Field Update: Nov. 14, 2010

Today the UNAVCO team installed the winter GPS at Site #2 using the Kiwi Hagglund. The installation was hard work for everyone because of the strong wind early in the day, but the sun was shining on the return to camp.

Tristan, Graham, Joe and Lisa all went to the southern site (Site #2), where they dug a big hole in the snow to bury the batteries needed to run the system during the winter, which were stored in an insulated case. They set up the three solar panels, the frame, and the antenna, ensured the cables were robust, and then tested the system to confirm a successful install. It took all day and they worked hard to get it done. The fourth GPS station was operating and the UNAVCO team had time to enjoy their last “night” at the ANDRILL Coulman High camp, with the sun shining bright in the sky.

Meanwhile, Claude and I set off to do some ground penetrating radar (GPR) work along the ice shelf to the north of the camp. We went out yesterday to take a look around and we managed to survey and flag one of the gravity survey lines to the northeast, but we ran out of flags by the time we had gone about 22 kilometers and had to return to camp for more. Richard Levy decided to come with us today to help with the flagging.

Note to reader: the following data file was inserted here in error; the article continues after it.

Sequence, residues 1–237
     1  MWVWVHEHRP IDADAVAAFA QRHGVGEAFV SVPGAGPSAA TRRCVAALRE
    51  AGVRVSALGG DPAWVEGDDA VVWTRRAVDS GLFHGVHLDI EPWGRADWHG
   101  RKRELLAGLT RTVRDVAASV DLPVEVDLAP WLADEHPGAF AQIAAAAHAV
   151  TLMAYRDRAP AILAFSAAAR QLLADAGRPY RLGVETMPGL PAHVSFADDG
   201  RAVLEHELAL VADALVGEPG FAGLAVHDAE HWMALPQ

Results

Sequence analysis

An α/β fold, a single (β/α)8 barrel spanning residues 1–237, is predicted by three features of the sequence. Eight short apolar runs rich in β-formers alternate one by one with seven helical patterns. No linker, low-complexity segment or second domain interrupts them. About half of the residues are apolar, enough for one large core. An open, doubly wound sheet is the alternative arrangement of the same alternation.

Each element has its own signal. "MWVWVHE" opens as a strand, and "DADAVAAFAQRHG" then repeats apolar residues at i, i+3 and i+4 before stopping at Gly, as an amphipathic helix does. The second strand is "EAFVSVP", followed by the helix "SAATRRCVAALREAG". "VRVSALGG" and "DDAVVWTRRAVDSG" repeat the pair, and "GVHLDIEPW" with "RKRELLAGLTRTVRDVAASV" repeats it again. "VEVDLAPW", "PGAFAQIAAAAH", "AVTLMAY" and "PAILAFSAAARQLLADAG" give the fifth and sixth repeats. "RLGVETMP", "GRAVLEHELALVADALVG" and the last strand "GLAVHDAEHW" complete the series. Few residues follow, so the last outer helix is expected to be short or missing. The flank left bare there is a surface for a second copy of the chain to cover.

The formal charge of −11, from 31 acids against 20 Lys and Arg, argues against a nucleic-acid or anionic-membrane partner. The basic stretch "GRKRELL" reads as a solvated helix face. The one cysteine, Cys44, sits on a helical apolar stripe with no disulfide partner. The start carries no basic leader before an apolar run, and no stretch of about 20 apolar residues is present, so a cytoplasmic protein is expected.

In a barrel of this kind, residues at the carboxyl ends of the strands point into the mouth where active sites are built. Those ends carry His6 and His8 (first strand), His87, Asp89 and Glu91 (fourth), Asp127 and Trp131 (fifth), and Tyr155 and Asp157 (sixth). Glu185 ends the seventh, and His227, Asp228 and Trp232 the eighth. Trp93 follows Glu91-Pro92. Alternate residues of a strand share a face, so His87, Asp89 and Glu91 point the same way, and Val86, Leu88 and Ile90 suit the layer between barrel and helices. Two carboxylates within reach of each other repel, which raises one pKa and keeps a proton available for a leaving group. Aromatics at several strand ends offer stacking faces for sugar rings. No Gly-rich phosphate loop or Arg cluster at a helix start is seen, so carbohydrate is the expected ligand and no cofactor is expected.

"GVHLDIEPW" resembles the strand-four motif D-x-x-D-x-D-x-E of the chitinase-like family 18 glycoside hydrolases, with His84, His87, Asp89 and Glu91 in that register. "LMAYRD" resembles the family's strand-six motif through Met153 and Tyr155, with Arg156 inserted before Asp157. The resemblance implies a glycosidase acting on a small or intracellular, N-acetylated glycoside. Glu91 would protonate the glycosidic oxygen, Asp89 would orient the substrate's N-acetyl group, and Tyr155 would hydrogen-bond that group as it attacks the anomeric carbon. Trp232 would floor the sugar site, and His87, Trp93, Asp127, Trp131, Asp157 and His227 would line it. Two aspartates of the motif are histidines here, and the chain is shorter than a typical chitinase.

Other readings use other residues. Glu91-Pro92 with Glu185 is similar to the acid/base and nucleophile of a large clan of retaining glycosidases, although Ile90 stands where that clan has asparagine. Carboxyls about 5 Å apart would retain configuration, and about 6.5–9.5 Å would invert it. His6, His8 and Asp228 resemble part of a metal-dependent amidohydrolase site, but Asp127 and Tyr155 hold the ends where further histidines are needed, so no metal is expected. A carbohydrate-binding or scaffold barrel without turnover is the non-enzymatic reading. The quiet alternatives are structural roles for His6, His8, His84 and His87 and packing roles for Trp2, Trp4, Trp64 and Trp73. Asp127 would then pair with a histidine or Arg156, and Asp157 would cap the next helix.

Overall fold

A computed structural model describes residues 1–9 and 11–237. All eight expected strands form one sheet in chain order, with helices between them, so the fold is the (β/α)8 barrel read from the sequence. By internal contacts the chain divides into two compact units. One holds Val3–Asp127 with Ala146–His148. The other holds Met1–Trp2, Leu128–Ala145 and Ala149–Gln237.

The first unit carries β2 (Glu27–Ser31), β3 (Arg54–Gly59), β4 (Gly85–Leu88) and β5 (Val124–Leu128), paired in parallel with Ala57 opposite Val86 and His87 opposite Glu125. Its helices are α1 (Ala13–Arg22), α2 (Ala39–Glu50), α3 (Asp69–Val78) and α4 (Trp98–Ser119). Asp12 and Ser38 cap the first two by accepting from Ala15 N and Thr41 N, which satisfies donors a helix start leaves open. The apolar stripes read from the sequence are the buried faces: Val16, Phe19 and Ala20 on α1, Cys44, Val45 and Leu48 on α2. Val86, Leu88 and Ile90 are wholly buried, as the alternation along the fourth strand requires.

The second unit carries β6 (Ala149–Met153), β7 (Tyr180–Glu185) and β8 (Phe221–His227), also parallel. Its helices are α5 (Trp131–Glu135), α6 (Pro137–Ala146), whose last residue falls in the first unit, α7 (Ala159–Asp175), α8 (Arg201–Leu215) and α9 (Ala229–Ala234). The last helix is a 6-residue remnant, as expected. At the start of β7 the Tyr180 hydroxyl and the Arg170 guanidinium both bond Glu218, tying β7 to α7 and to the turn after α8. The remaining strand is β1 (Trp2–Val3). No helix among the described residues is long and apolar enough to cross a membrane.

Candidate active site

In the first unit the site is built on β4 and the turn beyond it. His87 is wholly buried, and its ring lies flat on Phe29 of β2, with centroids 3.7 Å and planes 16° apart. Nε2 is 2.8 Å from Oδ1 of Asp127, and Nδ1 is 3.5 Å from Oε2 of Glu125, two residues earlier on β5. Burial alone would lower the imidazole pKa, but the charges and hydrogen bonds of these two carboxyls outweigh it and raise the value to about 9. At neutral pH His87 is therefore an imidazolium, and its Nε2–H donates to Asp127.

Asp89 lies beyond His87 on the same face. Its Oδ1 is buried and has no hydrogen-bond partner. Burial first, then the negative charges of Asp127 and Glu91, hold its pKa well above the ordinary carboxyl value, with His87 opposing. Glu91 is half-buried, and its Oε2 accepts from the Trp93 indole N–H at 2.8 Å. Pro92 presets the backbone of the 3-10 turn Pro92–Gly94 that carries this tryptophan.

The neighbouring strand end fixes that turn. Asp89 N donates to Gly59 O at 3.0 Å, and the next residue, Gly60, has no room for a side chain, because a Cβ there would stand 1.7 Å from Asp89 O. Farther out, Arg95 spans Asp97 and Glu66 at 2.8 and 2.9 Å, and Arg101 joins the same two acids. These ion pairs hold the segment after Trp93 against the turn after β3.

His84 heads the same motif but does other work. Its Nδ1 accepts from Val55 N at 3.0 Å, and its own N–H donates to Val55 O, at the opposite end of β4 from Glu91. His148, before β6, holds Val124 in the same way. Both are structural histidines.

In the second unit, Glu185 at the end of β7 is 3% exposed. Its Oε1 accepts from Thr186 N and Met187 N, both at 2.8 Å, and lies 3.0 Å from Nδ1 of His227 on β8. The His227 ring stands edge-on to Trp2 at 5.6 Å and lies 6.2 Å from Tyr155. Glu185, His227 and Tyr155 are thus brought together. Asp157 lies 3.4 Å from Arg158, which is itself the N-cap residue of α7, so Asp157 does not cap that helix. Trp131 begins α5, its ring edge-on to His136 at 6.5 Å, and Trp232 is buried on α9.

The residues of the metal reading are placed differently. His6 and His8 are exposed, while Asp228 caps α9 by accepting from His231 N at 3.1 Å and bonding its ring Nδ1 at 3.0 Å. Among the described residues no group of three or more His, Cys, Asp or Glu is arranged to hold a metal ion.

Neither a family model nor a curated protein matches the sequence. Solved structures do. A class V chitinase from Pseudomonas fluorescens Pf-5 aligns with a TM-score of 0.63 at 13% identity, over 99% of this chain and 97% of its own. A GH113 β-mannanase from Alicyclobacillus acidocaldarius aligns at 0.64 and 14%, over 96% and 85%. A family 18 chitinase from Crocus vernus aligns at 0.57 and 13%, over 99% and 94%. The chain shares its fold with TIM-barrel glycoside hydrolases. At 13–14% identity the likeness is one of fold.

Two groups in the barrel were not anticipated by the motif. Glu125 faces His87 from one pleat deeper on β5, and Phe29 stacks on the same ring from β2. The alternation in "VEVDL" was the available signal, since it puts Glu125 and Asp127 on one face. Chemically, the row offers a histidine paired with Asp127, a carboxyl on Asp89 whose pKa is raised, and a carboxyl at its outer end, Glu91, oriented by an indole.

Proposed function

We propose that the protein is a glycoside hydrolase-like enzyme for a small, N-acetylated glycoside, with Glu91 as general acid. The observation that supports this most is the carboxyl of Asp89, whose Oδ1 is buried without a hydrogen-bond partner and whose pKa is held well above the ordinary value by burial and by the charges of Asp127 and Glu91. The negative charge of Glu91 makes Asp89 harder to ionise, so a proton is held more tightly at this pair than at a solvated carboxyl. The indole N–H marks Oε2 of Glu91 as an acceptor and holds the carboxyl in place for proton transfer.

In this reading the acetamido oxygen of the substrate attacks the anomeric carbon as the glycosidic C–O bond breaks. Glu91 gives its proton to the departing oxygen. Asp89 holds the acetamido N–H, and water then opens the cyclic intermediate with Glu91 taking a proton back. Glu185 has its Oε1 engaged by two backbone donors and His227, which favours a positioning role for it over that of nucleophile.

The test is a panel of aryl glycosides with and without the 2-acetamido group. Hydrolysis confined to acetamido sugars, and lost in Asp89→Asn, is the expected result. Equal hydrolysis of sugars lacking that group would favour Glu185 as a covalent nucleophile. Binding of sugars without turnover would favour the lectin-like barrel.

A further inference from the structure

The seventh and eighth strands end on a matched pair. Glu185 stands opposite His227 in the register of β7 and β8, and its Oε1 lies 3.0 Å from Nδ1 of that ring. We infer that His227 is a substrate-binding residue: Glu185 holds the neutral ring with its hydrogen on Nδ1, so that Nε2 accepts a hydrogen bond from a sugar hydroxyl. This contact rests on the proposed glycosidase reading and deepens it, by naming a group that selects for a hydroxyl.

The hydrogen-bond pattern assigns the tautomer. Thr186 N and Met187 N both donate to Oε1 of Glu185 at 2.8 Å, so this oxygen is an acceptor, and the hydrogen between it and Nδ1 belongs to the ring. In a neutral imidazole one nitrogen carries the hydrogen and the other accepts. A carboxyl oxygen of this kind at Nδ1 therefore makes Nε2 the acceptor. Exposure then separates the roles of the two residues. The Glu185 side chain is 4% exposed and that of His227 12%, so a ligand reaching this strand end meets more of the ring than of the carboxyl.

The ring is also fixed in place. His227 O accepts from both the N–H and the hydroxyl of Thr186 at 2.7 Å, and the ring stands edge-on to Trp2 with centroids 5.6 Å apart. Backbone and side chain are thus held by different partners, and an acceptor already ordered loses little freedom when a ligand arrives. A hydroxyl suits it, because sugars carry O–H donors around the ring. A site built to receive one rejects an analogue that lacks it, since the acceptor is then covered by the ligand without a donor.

The wind subsided and the skies cleared as we set off together in the Pisten Bully with its’ long boom and all of the equipment needed to survey and navigate, including pulling a sled behind us loaded with bamboo flags. We travelled north away from camp and headed east along the southern survey line that we had started yesterday, but hadn’t completed because of our lack of sufficient flags. We used portable GPS units to navigate from point to point along the line and placed flags every 500 meters to mark the sites where gravity measurements would be made later in the season by Dr. Gary Wilson and his team from the University of Otago (New Zealand), including a student from the University of California-Santa Barbara. We continued along the survey line for another twenty miles until Richard noticed some fluid leaking from under the rear of the Pisten Bully. It wasn’t leaking too badly, but we wanted to find out what was wrong, so we headed back to camp to get it checked out and make repairs. Our day was over, but we had plenty of work left to do once the vehicle was ready for duty again. We marked the point where we stopped surveying with multiple flags so that we would know where to continue when we started again, and then followed the flags back to camp with Mount Terror looming in the distance to the west.

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